• Regular expressions are a notation to represent lexeme patterns for a token.
• They are used to represent the language for lexical analyzer.
• They assist in finding the type of token that accounts for a particular lexeme.
We’ll be covering the following topics in this tutorial:
Strings and Languages
Alphabets are finite, non-empty set of input symbols.
Σ = {0, 1} – binary alphabets
String represents the collection of alphabets.
w = {0,1, 00, 01, 10, 11, 001, 010, … }
w indicates the set of possible strings for the given binary alphabet Σ
Language (L) is the collection of strings which are accepted by finite automata.
L = {0^{n}1 I n >= 0}
Length of string is defined as the number of input symbols in a given string. It is found by || operator.
Let ω = 0101
| ω | =4
Empty string denotes zero occurrence of input symbol. It is represented by Ɛ. Concatenation of two strings p and q is denoted by pq.
Let p = 010
And q = 001
pq = 010001
qp = 001010
i.e., pq ≠ qp
Empty string is identity under concatenation.
Let x be a string.
Ex= XE= X
Prefix A prefix of any string s, is obtained by removing zero or more symbols from the end of s.
(eg.) s = balloon
Possible prefixes are: ball, balloon,
Suffix A suffix of any string s, is obtained by removing zero or more symbols from the beginning of s.
(eg.) s =balloon
Possible prefixes are: loon, balloon
Proper prefix: Proper prefix p of a strings, can be given by s ≠ p and p ≠ E
Proper suffix: Proper suffix x of a string s, can be given by s ≠ x and x ≠ E
Substring: Substring is part of a string obtained by removing any prefix and any suffix from s.
Operations on Languages
Important operations on a language are:
• Union
• Concatenation and
• Closure
Union
Union of two languages Land M produces the set of strings which may be either in language L or in language M or in both. It can be denoted as,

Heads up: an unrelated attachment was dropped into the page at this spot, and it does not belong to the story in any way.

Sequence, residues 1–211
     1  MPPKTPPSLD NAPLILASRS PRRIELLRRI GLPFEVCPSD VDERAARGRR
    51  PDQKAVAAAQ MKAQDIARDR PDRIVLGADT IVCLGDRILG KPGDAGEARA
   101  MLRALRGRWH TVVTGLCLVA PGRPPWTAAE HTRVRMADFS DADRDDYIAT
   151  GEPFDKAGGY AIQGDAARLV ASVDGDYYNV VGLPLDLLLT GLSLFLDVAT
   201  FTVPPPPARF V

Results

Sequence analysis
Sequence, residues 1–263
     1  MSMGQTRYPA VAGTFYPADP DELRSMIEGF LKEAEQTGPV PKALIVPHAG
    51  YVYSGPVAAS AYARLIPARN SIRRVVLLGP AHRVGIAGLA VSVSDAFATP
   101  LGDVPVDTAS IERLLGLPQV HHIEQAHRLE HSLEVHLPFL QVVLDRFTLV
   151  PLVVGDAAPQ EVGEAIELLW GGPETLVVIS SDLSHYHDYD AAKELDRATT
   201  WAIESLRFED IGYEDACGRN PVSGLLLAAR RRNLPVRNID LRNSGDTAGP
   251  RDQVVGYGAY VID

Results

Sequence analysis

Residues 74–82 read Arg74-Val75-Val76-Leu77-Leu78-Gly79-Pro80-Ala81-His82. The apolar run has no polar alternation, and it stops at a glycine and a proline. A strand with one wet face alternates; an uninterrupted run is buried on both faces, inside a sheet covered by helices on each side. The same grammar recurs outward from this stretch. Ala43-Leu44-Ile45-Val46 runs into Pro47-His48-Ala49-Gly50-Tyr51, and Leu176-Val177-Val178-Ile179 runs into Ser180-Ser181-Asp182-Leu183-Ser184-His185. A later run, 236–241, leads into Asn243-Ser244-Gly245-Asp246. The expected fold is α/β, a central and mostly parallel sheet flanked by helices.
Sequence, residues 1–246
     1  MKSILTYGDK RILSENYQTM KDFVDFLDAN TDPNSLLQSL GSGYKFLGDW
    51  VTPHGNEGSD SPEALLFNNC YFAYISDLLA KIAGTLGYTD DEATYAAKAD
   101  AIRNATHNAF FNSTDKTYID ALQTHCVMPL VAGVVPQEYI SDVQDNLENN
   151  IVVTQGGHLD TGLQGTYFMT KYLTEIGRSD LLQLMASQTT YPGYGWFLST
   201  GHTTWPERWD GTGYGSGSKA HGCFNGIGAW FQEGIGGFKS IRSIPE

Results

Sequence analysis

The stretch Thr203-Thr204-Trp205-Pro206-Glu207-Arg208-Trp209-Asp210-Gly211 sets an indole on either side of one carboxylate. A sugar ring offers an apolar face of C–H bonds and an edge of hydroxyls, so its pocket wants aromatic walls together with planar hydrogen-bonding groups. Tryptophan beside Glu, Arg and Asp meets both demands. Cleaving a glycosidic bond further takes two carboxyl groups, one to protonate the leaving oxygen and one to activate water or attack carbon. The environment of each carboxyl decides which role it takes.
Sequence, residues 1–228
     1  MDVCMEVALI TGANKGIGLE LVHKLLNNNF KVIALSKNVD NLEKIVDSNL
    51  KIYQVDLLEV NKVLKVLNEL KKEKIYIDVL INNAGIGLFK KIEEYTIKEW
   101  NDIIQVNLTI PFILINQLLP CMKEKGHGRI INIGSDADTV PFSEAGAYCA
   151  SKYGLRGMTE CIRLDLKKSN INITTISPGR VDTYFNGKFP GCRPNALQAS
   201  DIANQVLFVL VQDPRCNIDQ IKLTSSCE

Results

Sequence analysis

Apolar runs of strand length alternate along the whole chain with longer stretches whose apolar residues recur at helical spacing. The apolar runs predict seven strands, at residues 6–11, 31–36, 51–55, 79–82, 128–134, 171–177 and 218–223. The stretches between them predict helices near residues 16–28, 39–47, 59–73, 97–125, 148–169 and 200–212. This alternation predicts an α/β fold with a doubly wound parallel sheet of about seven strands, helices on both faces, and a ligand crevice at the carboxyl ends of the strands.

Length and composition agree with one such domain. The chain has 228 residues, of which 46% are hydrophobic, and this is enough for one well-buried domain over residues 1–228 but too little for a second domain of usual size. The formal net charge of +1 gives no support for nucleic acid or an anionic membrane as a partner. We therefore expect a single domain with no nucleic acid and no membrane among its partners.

LUM = {p I p is in L or p is in M}
Concatenation
Concatenation of two languages L and M, produces a set of strings which are formed by merging the strings in L with strings in M (strings in L must be followed by strings in M). It can be represented as,
LUM= {pq | p is in L and q is in M}
Closure
Kleene closure (L*)
Kleene closure refers to zero or more occurrences of input symbols in a string, i.e., it includes empty string Ɛ(set of strings with 0 or more occurrences of input symbols).
Positive closure (L ^{+})
Positive closure indicates one or more occurrences of input symbols in a string, i.e., it excludes empty string Ɛ(set of strings with 1or more occurrences of input symbols).
L^{3}– set of strings each with length 3.
(eg.) Let Σ = {a, b}
L* = {E, a, b, aa, ab, ba, bb, aab, aba, aaba, … }
L^{+} = {a, b, aa, ab, ba, bb, aab, aaba, }
L^{3} = {aaa, aba, abb, bba, bob, bbb, }
Precedence of operators
• Unary operator (*) is having highest precedence.
• Concatenation operator (-) is second highest and is left associative.
letter_ (letter_ I digit )*
• Union operator ( I or U) has least precedence and is left associative.
Based on the precedence, the regular expression is transformed to finite automata when implementing lexical analyzer.
Regular Expressions
Regular expressions are a combination of input symbols and language operators such as union, concatenation and closure.
It can be used to describe the identifier for a language. The identifier is a collection of letters, digits and underscore which must begin with a letter. Hence, the regular expression for an identifier can be given by,
Letter_ (letter I digit)*
Note: Vertical bar ( I ) refers to ‘or’ (Union operator).
The following describes the language for given regular expression:
Languages for regular expressions
S.No. | Regular expression | Language |
1 | r | L(r) |
2 | a | L(a) |
3 | r | s | L(r) | L(s) |
4 | rs | L(r) L(s) |
5 | r^{*} | (L(r))^{*} |
Regular set Language defined by regular expression.
Two regular expressions are equivalent, if they represent the same regular set.
(p I q) = (q | p)
Algebraic laws of regular expressions
Law | Description |
r | s = s | r | | is commutative |
r | (s | t) = (r | s ) | t | | is associative |
r (st) = (rs)t | Concatenation is associative |
r(s|t) = rs | rt; (s|t)r = sr | tr | Concatenation is distributive |
Ɛr = rƐ = r | Ɛ is identity for concatenation |
r* = (r | Ɛ)* | Ɛ is guaranteed in closure |
r** = r* | * is idempotent |
Regular Definition
Regular definition d gives aliases to regular expressions r and uses it for convenience. Sequences of definitions are of the following form
d_{i} –> r_{i}
d_{2}–>r_{2}
d_{3}–> r_{s}
d_{n}–> r_{n}
in which definitions d_{i}, d_{2}, … , can be used in place of r_{i}, r_{2} respectively.
letter –> A I B I · · · I Z I a I b I · · · I z I
digit –>0 |1 I 2 … I 9
id –> letter_ (letter I digit)*